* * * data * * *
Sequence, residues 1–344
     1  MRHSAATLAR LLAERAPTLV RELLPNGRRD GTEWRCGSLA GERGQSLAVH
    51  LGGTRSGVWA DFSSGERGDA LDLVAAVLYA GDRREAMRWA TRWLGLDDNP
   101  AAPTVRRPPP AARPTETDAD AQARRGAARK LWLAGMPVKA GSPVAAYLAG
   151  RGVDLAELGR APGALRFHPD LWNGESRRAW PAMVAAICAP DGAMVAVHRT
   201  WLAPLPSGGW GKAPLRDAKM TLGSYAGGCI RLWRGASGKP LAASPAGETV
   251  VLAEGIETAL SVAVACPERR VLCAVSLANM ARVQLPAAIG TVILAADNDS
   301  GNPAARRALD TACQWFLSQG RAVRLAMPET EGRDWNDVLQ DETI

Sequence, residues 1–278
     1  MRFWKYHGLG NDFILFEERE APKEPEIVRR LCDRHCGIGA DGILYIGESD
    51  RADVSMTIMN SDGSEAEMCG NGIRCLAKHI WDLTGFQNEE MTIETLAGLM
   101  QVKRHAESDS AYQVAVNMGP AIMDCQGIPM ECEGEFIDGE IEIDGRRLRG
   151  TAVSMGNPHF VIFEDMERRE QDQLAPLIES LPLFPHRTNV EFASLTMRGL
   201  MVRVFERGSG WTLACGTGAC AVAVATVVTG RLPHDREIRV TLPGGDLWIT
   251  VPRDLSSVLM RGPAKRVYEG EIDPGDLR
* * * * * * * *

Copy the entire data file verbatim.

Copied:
Sequence, residues 1–344
     1  MRHSAATLAR LLAERAPTLV RELLPNGRRD GTEWRCGSLA GERGQSLAVH
    51  LGGTRSGVWA DFSSGERGDA LDLVAAVLYA GDRREAMRWA TRWLGLDDNP
   101  AAPTVRRPPP AARPTETDAD AQARRGAARK LWLAGMPVKA GSPVAAYLAG
   151  RGVDLAELGR APGALRFHPD LWNGESRRAW PAMVAAICAP DGAMVAVHRT
   201  WLAPLPSGGW GKAPLRDAKM TLGSYAGGCI RLWRGASGKP LAASPAGETV
   251  VLAEGIETAL SVAVACPERR VLCAVSLANM ARVQLPAAIG TVILAADNDS
   301  GNPAARRALD TACQWFLSQG RAVRLAMPET EGRDWNDVLQ DETI

Sequence, residues 1–278
     1  MRFWKYHGLG NDFILFEERE APKEPEIVRR LCDRHCGIGA DGILYIGESD
    51  RADVSMTIMN SDGSEAEMCG NGIRCLAKHI WDLTGFQNEE MTIETLAGLM
   101  QVKRHAESDS AYQVAVNMGP AIMDCQGIPM ECEGEFIDGE IEIDGRRLRG
   151  TAVSMGNPHF VIFEDMERRE QDQLAPLIES LPLFPHRTNV EFASLTMRGL
   201  MVRVFERGSG WTLACGTGAC AVAVATVVTG RLPHDREIRV TLPGGDLWIT
   251  VPRDLSSVLM RGPAKRVYEG EIDPGDLR